Monday, May 13, 2013

Conference committee rejected higher funding for law-school innocence clinics

Disappointing news this morning on funding for innocence clinics at Texas' four public law schools, an issue your correspondent has been tracking on behalf of the Innocence Project of Texas.

The chairmen of the conference committee on the budget overruled the recommendation of their fellow conferees, siding with the House budget giving each clinic $100,000 per year and rejecting the Senate's more generous recommendation to boost the amount to $150K. As of Friday, a conferee working group  recommended siding with the Senate, your correspondent confirmed with staff from both chambers. But over the weekend, Chairmen Rep. Jim Pitts and Sen. Tommy Williams set aside their recent squabbles and met to do their own markup, instead going with the House recommendation. The full committee approved the lower number this morning.

The extra money would have paid for innocence clinics' involvement in larger-scale projects like the arson review being performed in collaboration with the state fire marshal, a task undertaken at the recommendation of the state Forensic Science Commission. In addition, if the Legislature creates the Timothy Cole Exoneration Review Commission, the enacting legislation for which which will be heard tomorrow in the Senate Criminal Justice Committee, it was anticipated the increased clinic funding would help fulfill the commission's mandate to conduct a "thorough review or investigation of all cases in which an innocent person was convicted and exonerated," as called for in HB 166. That bill has a fiscal note declaring it will cost no money, which precludes hiring staff unless the commission succeeds in securing grant funding. So if the clinics don't get resources to perform these "thorough reviews," one wonders how they will happen?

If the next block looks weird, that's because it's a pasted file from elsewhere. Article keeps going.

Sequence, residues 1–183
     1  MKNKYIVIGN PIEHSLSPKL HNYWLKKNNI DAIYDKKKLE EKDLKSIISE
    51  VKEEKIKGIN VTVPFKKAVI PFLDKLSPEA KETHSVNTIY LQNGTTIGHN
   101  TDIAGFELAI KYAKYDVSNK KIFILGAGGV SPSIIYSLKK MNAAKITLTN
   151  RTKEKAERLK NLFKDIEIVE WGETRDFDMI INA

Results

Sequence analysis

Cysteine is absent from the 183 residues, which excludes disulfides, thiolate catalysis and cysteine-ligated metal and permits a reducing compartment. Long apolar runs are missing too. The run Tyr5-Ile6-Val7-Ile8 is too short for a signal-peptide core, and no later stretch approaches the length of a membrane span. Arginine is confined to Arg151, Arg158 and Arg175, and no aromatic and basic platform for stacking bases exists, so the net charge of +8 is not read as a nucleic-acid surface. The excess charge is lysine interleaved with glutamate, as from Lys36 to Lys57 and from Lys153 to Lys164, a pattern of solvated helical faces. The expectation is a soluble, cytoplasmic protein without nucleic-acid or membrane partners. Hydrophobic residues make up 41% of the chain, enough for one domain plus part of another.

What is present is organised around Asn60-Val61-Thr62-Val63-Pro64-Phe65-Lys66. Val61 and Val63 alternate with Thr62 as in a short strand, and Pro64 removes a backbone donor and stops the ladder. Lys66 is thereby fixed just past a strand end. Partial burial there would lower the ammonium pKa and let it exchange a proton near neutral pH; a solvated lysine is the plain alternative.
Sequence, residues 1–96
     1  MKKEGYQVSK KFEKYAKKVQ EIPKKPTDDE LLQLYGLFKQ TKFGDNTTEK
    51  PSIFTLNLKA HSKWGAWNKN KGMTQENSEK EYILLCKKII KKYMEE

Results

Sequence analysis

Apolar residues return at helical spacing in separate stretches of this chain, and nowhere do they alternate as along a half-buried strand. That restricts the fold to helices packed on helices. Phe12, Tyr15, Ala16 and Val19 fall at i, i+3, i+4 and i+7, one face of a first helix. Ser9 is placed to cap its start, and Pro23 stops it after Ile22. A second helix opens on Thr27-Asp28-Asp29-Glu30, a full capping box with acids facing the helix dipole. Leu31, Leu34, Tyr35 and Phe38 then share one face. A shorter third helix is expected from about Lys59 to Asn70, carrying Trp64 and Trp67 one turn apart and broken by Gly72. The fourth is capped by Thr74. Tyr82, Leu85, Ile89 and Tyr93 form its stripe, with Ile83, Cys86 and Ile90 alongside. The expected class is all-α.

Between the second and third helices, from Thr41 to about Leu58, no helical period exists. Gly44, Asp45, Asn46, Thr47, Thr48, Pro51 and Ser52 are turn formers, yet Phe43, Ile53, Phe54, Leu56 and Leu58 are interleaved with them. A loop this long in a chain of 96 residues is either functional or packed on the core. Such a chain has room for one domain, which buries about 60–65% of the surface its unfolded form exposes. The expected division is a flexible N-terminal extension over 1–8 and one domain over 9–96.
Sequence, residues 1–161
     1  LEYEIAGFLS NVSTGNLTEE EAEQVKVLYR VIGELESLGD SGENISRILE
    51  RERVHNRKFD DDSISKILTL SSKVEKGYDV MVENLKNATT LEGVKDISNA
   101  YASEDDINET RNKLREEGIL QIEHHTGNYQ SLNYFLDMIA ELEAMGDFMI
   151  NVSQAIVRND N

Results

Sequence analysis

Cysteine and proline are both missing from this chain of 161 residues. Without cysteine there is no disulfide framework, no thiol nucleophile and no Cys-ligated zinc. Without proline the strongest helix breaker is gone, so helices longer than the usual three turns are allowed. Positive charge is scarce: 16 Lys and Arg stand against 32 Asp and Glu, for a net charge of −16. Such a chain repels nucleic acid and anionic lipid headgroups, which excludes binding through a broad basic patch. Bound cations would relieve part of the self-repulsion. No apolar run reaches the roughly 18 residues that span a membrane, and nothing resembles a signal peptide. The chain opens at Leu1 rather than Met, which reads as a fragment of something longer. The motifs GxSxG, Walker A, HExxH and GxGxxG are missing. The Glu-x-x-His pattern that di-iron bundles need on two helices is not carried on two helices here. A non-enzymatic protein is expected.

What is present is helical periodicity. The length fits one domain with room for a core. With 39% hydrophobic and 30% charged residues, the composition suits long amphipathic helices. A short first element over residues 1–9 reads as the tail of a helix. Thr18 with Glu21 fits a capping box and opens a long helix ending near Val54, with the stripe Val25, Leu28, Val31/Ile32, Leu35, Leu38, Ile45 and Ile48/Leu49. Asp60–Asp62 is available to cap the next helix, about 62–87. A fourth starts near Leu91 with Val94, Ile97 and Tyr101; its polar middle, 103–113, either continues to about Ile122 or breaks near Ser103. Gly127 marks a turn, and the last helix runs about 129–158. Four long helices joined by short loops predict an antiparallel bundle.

The clinics had seen their budgets cut in 2011 to $80,000 per year, so even the $100,000 is a welcome increase, putting them on par with what they got three years ago. But it was unfortunate the chairmen didn't go with the Senate recommendation for the higher amount. The sums involved are relatively paltry, especially when you consider the tremendous multiplier effect these programs bring to bear by employing student labor. Few other state programs get so much bang for the buck, but in the end fewer bucks still means less bang.


Anonymous said...

Well, this is unfortunate and unexpected news (maybe that just shows how naive I am). The clinics do important work, most recently in collaboration with government agencies like the State Fire Marshall and the Forensic Science Commission. And as you say, it is not much money.

Anonymous said...

Perry has to have those tax cuts or else the Tea Party won't vote for him. After his deplorable performance in the presidential debates, he needs all the help he can muster.

rodsmith said...

Might be time for those law school programs to add another divisin. For follow up lawsuits agaisnt the state with a the legal fees going to the project!